In the coming weeks, we are planning to review many Lightroom alternatives at Photography Life and figure out which ones are potential replacements. The first on our list is Alien Skin Exposure X3. This software, originally a film simulation plugin for Lightroom and Photoshop, has grown to a standalone software that mimics Lightroom’s post-processing and organization options in many ways. This article covers the differences and similarities between Adobe Lightroom CC Classic and Alien Skin Exposure X3, including which one you might want to choose for your own photography.
If you have used Lightroom in the past, you will be instantly familiar with the layout of Exposure X3. They are very, very similar. Personally, even after using Exposure X3 for a while, I kept trying to use my Lightroom keyboard shortcuts due to the similarities between them. Here are the editing screens of the two, for example:
However, there are some differences as well. While Lightroom has a separate Library and Develop module (for organizing and editing photos, respectively), Exposure X3 lets you perform every function at any point. Even when you’re looking at a thumbnail grid, you can edit photos without a problem.
In my mind, neither software’s layout is necessarily better. They’re quite similar, and both are easy to understand without too much effort.
2) Sidecar File vs Catalog System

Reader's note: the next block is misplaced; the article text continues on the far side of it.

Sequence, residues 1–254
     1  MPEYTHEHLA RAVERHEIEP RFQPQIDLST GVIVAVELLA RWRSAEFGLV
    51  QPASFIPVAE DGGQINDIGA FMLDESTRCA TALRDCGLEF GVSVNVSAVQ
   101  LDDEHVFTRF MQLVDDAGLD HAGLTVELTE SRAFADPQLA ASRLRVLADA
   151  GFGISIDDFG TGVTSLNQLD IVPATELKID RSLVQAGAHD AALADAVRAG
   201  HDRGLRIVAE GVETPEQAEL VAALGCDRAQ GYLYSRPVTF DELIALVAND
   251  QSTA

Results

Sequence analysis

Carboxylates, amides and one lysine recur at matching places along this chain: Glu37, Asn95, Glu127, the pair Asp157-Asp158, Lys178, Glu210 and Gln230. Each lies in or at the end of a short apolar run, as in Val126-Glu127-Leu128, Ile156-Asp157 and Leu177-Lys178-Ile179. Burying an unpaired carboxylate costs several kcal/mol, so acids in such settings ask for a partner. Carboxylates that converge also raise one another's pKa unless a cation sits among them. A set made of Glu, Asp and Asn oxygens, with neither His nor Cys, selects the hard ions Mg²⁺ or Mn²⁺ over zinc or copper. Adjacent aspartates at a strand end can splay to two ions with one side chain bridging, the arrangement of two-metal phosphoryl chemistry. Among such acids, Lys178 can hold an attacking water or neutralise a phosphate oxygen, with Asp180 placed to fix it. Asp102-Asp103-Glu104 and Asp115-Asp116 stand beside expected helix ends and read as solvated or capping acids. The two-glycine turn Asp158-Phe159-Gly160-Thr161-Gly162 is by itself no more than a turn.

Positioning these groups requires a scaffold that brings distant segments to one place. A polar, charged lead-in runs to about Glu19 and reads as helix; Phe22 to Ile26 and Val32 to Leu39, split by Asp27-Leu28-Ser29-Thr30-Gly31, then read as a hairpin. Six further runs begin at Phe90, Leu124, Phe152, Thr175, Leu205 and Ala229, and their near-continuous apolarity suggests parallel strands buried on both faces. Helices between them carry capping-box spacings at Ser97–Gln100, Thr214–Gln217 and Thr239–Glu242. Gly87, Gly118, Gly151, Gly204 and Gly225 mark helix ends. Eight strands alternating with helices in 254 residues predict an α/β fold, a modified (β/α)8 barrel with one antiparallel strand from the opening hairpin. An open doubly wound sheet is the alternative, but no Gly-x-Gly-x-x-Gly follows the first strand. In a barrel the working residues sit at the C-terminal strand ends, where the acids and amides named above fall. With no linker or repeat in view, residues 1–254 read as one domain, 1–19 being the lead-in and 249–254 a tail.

A major difference between these two programs is that is that Lightroom is a catalog software, while Exposure is not. Everything you do to every single photo in Lightroom is stored within a single, centralized catalog file, which contains a huge range of information. If you delete your catalog file, all your edits and organization for every photo will disappear.
With Exposure, on the other hand, all your edits and organization tags are stored in their own sidecar file, added to a folder on your hard drive (within the photo’s original folder). So, if you’ve edited 1000 photos in Exposure X3, you’ll have 1000 sidecar files. Each of them is very small; 30 kilobytes is about the most I’ve seen.
With both software packages, the benefit is that you’re never doing any “destructive editing,” like cropping a photo in a way that is impossible to un-crop in the future. Everything in Lightroom and Exposure X3 can be undone, since the changes aren’t embedded in your photos themselves.
In Lightroom, because it is catalog software, you need to select individual photos or folders to import them and start the organization/editing process. With Exposure, all of your folders and images are immediately editable within the software, no additional steps required. It can get tripped up by external drives, but you can add them manually by clicking an option called “Add a Bookmark.”
So, between sidecar and catalog files, which system is better? Everyone’s opinions will differ. If you’re familiar with catalog software’s advanced options, including usage with multiple computers, that’s probably the route you would prefer. However, the sidecar system still works well, and I suspect that most people looking for post-processing software (including many advanced photographers) will prefer it, simply because it’s easier to understand, and you don’t need to import photos manually to start editing them.